As one of the participants in that meeting later told, General Qassem Soleimani surprised many with his pronounced modesty and courtesy. He spoke in a quiet calm tone, without drawing attention to himself, which is not typical for post-Soviet military commanders educated in the spirit of Russian military traditions. His visit went unnoticed, with no media attention.

However, the real reason for Soleimani’s visit was to protect Iran’s interests in Afghanistan after the Taliban executed 8 Iranian diplomats. But instead of confronting the Taliban from the Iranian border, Soleimani directed the operations in support of the United Islamic Front for the Salvation of Afghanistan, also known as the “Northern Alliance,” from the Tajik border. This was a unique case when the interests of the governments of Central Asia, Iran, Russia and the West coincided against the Taliban, and Soleimani successfully implemented the model of proxy warfare.

According to local sources, the second time Qassem Soleimani secretly visited Central Asia through Turkmenistan after September 11, 2001. But information about the purposes of his visit and the participants of the meeting is practically not available. Perhaps his visit was related to the upcoming deployment of U.S. troops in Central Asia, which Tehran considers a threat to its security.

Unlike the Middle East, Iran failed to create its proxies in Tajikistan. The main obstacle to the creation of the pro-Iranian Network was the difference in religious views between Central Asian Sunni Islam and Iranian Shiism. The majority of Central Asians belong to the Hanafi school of Sunni Islam, which doesn’t accept Shia ideology in the region. Qassem Soleimani, as a realist military strategist, soberly assessed the situation that Iran would not be able to create strong levers of pressure in the region with the help of fragmented Tajik Islamists. In addition, Russia could not allow the creation of Iranian interests in Central Asia, which it considers a zone of its influence. Soleimani convinced Ayatollah Ali Khamenei of the futility of creating pro-Iranian proxy groups in Central Asia. He expressed his concern that funding for Tajik radical Islamists could push Dushanbe away from Tehran, and, as a result, Khamenei abandoned this venture. What Iran failed to achieve in Central Asia, it more than compensated for in the Middle East ten years later.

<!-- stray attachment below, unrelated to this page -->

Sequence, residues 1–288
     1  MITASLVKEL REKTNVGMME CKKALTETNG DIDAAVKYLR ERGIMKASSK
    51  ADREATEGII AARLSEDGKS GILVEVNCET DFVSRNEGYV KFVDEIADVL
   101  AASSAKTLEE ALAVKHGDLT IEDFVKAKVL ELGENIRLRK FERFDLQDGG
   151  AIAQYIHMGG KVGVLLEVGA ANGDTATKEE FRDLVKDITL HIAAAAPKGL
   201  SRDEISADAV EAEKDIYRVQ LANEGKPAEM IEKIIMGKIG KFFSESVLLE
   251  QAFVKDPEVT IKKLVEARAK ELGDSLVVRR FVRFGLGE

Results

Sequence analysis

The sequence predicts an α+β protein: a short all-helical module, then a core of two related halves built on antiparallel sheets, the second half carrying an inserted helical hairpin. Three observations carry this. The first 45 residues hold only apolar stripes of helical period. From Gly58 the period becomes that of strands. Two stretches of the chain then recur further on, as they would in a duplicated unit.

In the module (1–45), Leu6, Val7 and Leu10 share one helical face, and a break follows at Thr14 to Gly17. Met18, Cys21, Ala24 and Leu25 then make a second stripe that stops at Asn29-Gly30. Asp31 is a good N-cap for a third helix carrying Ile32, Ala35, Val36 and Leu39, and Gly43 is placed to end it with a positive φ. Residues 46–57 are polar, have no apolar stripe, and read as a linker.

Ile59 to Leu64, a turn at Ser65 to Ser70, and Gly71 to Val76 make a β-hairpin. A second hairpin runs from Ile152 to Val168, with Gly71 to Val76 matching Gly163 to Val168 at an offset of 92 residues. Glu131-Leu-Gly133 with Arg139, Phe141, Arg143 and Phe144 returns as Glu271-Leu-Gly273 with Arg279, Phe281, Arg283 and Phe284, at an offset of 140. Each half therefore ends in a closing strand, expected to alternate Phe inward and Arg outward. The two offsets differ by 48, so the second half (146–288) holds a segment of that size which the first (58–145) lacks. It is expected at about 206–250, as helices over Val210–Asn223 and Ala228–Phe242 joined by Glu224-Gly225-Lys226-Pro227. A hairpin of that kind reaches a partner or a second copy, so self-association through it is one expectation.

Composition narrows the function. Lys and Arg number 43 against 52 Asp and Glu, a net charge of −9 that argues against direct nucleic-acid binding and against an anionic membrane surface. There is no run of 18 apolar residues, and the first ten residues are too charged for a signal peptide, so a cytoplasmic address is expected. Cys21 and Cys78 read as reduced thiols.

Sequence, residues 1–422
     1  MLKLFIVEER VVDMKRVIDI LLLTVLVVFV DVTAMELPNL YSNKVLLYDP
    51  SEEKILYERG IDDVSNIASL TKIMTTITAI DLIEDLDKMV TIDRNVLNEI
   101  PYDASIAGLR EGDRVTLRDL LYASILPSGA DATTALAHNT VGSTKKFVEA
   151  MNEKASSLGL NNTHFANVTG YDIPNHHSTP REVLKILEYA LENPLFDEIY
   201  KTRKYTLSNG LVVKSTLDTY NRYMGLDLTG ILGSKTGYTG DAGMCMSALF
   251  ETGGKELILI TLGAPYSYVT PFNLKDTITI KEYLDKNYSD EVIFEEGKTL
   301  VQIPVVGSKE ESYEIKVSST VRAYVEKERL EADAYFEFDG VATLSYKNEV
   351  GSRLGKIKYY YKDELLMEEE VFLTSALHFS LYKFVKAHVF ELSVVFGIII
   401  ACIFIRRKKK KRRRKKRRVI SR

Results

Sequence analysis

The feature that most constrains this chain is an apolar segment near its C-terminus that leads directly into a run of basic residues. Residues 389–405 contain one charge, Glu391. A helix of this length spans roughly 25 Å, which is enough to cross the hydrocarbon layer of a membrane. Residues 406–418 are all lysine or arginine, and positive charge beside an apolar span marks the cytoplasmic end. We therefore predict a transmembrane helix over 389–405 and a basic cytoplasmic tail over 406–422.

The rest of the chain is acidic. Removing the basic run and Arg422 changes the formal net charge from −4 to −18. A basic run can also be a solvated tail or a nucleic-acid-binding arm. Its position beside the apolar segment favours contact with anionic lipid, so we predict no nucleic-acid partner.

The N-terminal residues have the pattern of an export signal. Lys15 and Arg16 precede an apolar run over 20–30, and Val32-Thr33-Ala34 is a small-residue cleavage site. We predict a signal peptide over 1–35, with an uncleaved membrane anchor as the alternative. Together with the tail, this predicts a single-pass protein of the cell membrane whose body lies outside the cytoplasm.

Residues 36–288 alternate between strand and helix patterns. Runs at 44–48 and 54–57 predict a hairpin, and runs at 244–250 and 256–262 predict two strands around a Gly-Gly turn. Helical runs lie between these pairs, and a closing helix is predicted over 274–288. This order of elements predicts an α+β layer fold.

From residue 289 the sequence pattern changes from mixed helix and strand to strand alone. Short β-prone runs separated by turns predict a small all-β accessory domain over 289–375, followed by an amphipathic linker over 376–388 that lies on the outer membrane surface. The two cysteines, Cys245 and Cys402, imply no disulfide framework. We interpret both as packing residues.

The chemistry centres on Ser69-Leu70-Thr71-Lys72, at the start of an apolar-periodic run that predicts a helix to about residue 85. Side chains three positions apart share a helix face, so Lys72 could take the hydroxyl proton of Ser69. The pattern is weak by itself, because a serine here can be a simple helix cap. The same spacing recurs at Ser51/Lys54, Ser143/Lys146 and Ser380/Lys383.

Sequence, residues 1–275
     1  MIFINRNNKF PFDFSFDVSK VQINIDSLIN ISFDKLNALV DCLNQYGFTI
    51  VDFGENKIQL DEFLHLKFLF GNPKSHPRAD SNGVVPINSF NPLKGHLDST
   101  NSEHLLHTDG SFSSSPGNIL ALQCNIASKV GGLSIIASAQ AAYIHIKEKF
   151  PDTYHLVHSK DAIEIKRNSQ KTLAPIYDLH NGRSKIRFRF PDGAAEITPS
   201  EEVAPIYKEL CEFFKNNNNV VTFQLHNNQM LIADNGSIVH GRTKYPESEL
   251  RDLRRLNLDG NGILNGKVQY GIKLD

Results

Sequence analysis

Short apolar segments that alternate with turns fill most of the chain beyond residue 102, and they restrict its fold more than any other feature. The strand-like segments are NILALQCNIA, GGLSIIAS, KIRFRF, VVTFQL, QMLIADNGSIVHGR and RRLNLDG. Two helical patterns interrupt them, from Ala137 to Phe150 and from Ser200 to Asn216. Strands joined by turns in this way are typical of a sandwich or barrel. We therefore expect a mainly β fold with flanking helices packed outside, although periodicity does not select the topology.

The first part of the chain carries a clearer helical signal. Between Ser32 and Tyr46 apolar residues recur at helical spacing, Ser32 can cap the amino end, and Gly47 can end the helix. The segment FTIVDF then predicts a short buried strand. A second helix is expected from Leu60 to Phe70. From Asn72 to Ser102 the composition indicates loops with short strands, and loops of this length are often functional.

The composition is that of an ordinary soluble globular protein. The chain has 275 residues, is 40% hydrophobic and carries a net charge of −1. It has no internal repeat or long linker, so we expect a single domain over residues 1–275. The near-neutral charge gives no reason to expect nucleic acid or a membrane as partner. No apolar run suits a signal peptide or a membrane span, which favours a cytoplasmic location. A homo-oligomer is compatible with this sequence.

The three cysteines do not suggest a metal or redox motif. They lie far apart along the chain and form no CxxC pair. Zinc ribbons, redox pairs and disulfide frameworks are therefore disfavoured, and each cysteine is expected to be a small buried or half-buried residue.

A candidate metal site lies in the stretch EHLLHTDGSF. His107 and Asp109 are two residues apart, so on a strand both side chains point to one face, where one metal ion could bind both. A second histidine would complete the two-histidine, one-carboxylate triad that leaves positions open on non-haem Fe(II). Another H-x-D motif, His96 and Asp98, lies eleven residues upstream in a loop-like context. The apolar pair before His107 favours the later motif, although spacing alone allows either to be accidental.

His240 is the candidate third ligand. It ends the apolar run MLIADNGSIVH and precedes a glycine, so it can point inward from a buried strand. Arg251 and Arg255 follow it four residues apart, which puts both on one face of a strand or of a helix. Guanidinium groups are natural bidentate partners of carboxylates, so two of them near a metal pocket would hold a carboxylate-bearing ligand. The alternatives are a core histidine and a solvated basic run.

After 15 years, Major General’s concerns have come true. Relations between Tajikistan and Iran seriously deteriorated in 2015. Tajik authorities accused Iran of supporting the opposition Islamic Renaissance Party of Tajikistan (IRPT), attempting a coup d’état in the country and training Tajik Islamic militants in Iran. Iran incurred Tajikistan’s profound rage in December 2015, when Iran’s top leader Ali Khamenei received IRPT leader MuhiddinKabiri, who left the country due to political persecution of the authorities.

After the failure of Iran’s plan in Central Asia, Qassem Soleimani brilliantly completed the task assigned to him by Ayatollah Khamenei in the Middle East. He successfully created a pro-Iranian Shi`a Foreign Fighter Network of 50 000 bayonets, which became an effective tool of Tehran’s influence in the Middle East. Today Soleimani’s unique creation, Shia proxy groups such as Hezbollah, Liwa Fatemiyoun, Liwa Zainebiyoun, al-Hashd al-Shaabi, Asaib Ahl al- Haq, play the role of Iran’s shock transnational terrorist forces against interests of US, Saudi Arabia, Israel, Turkey and Sunni Muslims in the Middle East.